Third climate activist set to be elected to Exxon board



The votes are still being counted and the results are still preliminary. But Exxon (XOM) admitted after its shareholders meeting last week that two of its board seats went to climate activist hedge fund Engine No. 1. On Wednesday, the oil company said a third candidate for Engine No. 1 had defeated one of Exxon’s favorite directors.

Exxon said nine of its nominees were elected to the board, which is made up of 12 directors.

“We look forward to working with all of our directors to build on the progress we’ve made to increase long-term shareholder value and succeed in a low-carbon future,” said Darren Woods, President and CEO of ExxonMobil . “We thank all shareholders for their commitment and participation, as well as for their continued support of our business. “

The vote was a major step in the fight against climate change. It was the first major US corporate proxy campaign in which the case for change was built around moving away from fossil fuels.

“We are grateful for the attention shareholders have given to our nominees and are delighted that these three individuals are working with the entire Board of Directors to help better position ExxonMobil for the long-term interests of all shareholders.” , the No.1 engine said in a statement. Wednesday.

Engine No. 1 argued that the climate crisis poses an existential threat to Exxon – a threat the company has not taken seriously enough. contrary to PA (PA), Royal Dutch Shell (RDSA) and other European oil majors, Exxon has doubled its oil and gas investments despite growing concerns over the climate crisis.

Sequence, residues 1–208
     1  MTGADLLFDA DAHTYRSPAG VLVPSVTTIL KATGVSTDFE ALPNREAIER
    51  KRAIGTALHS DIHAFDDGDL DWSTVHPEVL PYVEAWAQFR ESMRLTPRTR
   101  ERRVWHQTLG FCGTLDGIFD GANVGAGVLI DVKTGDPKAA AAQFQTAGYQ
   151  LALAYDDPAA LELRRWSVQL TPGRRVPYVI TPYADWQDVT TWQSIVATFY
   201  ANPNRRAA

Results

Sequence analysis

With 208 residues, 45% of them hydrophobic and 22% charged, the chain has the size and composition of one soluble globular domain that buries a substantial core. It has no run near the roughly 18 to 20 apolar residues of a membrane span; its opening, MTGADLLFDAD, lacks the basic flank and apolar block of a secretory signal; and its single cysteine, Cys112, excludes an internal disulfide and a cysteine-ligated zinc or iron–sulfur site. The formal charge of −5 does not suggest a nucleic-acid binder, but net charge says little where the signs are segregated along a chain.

This strategy has not paid off: The world’s most valuable company in 2013, Exxon has lost nearly $ 200 billion in market capitalization since its peak. He had enjoyed an unbroken run as a member of the 1928 Dow Jones Industrial Average until he was excluded from the exclusive index last summer.

In the five years leading up to the pandemic, Exxon’s total return (including dividends) fell 17.5%, according to the No.1 Engine. It was easily the last among the five largest oil companies in the world. during this period, Exxon being the only one to suffer a loss. . The S&P 500 has jumped nearly 80% over the same period.

However, Exxon rebounded in 2021 as oil prices climbed. The share price is up 41% this year, almost quadrupling the lead of the S&P 500. Yet Exxon remains far from the records reached in mid-2014.

Although Engine No. 1 only owns 0.02% of Exxon’s shares, the hedge fund has won backing from large institutional investors.

Institutional Shareholder Services advised shareholders to vote in favor of three of Engine No. 1’s nominees. Citing Exxon’s “questionable strategy” for the future and “declining returns”, Glass Lewis, another consultancy firm influential, urged shareholders to support two of the four candidates.

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